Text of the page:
They started out making and selling jewellery on their university campus. Now, celebrities from Miley Cyrus to Paris Hilton are wearing their creations.
For Jennifer Ger and Suzie Chemel, co-owners of Toronto-based jewellery company Foxy Originals Inc., one important step on the road to success came in 2001, when the two University of Western Ontario graduates won the Advancing Canadian Entrepreneurship (ACE) Student Entrepreneur Award competition.
Winning that kind of an award can bring a novice entrepreneur a range of benefits, from a cash prize to mentoring opportunities to connections to other entrepreneurs.
The most important pay-off, though, is the profile-building: Suddenly, you and your company become known. It's often the first real recognition and lends credibility to the dream that initially fuelled a startup, experts say.
As well, the process of making it through the various levels of judging and the buzz created by the win help to build confidence, and give an entrepreneur the push to get out there and sell to potential customers and investors.
"Winning an award is invaluable because, at the end of the day, it's not necessarily the product, but your confidence and management skills," said Herb Willer, founder of Toronto-based HMW Capital who has served as a judge for the (ACE) student entrepreneur competition.
"Sure, ideas are great, but if you can't pull them off, what good are they? People who have been recognized by these awards have had a chance to be in the limelight, do some public speaking and network with people. Those are all things that build your confidence, leadership capability and ability to gain the trust of investors. Your ability to raise capital for your company is really about your ability to sell the idea and yourself," he added.
Here are three key award programs that new entrepreneurs should take note of:
Ms. Ger and Ms. Chemel began creating and peddling jewellery from their dorm rooms in 1998. Three years later, they entered ACE's competition and won.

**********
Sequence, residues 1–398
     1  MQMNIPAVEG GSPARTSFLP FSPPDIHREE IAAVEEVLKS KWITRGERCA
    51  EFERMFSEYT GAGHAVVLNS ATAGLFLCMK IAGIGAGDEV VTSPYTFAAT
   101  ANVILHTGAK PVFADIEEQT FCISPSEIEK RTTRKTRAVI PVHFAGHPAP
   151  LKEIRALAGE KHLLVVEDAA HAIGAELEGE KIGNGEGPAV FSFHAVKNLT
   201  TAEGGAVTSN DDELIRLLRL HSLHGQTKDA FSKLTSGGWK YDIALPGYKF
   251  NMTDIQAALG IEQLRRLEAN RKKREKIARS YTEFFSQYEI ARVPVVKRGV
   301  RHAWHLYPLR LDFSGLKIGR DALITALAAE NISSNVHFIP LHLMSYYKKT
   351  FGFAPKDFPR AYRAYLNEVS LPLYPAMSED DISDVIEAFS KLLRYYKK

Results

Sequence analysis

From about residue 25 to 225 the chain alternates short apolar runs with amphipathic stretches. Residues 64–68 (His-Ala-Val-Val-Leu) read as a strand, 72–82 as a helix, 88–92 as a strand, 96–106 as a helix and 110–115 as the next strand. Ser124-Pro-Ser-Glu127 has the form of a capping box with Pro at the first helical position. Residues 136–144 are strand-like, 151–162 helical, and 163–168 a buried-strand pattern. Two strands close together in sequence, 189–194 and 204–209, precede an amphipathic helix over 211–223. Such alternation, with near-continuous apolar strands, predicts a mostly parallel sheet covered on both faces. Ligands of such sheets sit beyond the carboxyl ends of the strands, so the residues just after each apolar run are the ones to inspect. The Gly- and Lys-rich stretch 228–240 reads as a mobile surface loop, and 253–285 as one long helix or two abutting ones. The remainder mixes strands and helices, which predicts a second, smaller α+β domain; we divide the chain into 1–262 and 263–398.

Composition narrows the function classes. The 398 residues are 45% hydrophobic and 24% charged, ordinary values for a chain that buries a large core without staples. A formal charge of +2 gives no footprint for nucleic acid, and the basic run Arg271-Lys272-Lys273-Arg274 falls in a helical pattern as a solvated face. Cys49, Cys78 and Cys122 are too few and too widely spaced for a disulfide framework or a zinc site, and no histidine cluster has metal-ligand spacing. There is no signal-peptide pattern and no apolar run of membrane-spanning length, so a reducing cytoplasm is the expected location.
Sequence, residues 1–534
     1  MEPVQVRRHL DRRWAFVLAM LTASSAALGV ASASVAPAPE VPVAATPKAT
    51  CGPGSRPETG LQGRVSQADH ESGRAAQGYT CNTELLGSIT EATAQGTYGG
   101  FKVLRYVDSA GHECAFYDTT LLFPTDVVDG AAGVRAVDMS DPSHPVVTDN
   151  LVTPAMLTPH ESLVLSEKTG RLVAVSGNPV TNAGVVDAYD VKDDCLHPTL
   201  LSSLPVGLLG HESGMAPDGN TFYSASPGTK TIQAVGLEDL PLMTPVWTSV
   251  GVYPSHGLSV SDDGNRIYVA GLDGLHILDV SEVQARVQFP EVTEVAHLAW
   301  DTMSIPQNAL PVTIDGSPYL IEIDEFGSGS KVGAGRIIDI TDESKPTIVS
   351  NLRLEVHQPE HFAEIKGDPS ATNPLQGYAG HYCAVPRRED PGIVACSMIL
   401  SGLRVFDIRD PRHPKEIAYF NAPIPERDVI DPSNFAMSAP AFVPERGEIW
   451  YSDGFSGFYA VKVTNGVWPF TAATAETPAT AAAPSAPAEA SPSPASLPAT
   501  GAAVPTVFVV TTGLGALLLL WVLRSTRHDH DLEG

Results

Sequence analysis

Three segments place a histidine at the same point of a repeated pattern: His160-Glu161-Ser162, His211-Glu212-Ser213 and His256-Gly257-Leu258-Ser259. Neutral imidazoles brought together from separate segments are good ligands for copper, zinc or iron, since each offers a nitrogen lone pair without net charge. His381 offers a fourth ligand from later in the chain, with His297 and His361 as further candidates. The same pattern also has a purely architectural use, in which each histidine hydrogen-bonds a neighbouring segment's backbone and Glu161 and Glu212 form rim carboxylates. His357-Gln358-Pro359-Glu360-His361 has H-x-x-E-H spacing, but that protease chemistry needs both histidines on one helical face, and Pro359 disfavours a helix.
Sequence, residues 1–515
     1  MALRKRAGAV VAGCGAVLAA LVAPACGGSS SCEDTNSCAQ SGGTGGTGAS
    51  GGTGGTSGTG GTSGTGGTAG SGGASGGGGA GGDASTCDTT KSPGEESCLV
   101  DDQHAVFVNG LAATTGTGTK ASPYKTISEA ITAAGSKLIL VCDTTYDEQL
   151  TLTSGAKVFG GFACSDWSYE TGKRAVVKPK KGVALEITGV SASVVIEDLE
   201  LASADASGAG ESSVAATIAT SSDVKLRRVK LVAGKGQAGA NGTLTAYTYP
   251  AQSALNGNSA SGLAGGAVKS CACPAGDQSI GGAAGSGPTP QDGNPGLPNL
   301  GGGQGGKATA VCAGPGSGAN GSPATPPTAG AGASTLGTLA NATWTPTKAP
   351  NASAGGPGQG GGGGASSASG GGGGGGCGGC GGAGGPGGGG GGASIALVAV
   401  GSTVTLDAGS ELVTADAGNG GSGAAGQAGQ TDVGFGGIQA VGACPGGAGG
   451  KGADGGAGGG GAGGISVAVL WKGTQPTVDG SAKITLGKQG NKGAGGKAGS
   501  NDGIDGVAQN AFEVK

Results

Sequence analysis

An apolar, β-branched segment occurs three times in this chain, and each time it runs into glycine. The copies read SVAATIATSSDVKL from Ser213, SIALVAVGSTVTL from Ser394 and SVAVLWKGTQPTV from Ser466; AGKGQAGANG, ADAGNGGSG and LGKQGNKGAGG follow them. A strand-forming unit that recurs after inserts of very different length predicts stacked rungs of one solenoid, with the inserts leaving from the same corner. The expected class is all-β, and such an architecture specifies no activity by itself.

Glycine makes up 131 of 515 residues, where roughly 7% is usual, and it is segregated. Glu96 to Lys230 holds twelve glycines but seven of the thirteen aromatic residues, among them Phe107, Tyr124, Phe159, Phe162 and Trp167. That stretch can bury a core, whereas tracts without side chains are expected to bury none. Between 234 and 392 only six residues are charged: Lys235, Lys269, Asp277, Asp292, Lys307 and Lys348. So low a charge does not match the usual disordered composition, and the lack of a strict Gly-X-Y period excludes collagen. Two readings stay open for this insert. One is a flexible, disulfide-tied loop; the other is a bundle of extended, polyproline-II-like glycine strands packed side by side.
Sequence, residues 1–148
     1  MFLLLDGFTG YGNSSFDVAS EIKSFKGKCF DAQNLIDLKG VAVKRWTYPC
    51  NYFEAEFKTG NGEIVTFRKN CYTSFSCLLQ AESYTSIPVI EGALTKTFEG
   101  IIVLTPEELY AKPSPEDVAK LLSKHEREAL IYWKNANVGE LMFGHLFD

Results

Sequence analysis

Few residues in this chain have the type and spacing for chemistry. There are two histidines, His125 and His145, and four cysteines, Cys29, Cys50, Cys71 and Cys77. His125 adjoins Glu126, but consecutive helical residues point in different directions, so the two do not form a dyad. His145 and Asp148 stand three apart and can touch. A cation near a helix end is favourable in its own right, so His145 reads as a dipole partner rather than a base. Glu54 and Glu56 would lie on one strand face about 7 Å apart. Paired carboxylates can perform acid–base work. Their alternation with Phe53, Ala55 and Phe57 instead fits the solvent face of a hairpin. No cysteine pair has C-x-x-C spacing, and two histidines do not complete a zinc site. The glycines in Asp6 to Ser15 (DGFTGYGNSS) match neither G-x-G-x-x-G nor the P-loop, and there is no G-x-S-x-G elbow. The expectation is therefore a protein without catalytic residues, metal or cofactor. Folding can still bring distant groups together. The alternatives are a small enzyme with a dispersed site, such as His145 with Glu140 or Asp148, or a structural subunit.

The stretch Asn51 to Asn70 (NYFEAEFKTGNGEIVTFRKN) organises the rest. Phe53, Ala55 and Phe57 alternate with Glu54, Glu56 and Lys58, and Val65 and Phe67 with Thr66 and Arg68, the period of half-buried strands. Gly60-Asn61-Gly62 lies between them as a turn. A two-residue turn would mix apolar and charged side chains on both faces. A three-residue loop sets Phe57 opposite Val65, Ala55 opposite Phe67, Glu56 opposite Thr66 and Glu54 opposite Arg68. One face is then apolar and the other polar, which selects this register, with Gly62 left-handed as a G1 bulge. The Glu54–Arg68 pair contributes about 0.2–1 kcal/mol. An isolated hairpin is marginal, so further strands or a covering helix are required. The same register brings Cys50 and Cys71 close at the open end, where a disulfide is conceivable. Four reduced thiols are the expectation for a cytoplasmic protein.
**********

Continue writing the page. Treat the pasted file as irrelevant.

The two believe that win altered their future. "We are so appreciative of the student entrepreneur program and the kick-start it gave us to jump into the path of entrepreneurship, turning our passion into a full-time career," they said in a press release following their victory.
Much of that kick came from the national media coverage the award brought. It was "a priceless amount, something they never had before," said Amy Harder, president of ACE, a national charitable organization. "Winning the award brought credibility, gave them confidence and made them think this could be a real thing."
And that's what it has become. People started seeking out their jewellery at events such as the One of Kind craft show held in Toronto every year. Now their wares are sold in boutiques throughout the world, and a host of celebrities, including Ms. Hilton and Ms. Cyrus, are shown wearing their products on Foxy Originals' Web site.
Honouring such student success is what ACE is all about. It's the only organization to focus exclusively on university and college student entrepreneurs.
"Young people don't necessarily see the opportunity that's always been there before them," Ms. Harder said. "That's because of a lack of confidence and connections. So why not recognize them now, so that they have the confidence and support network they need to carry on."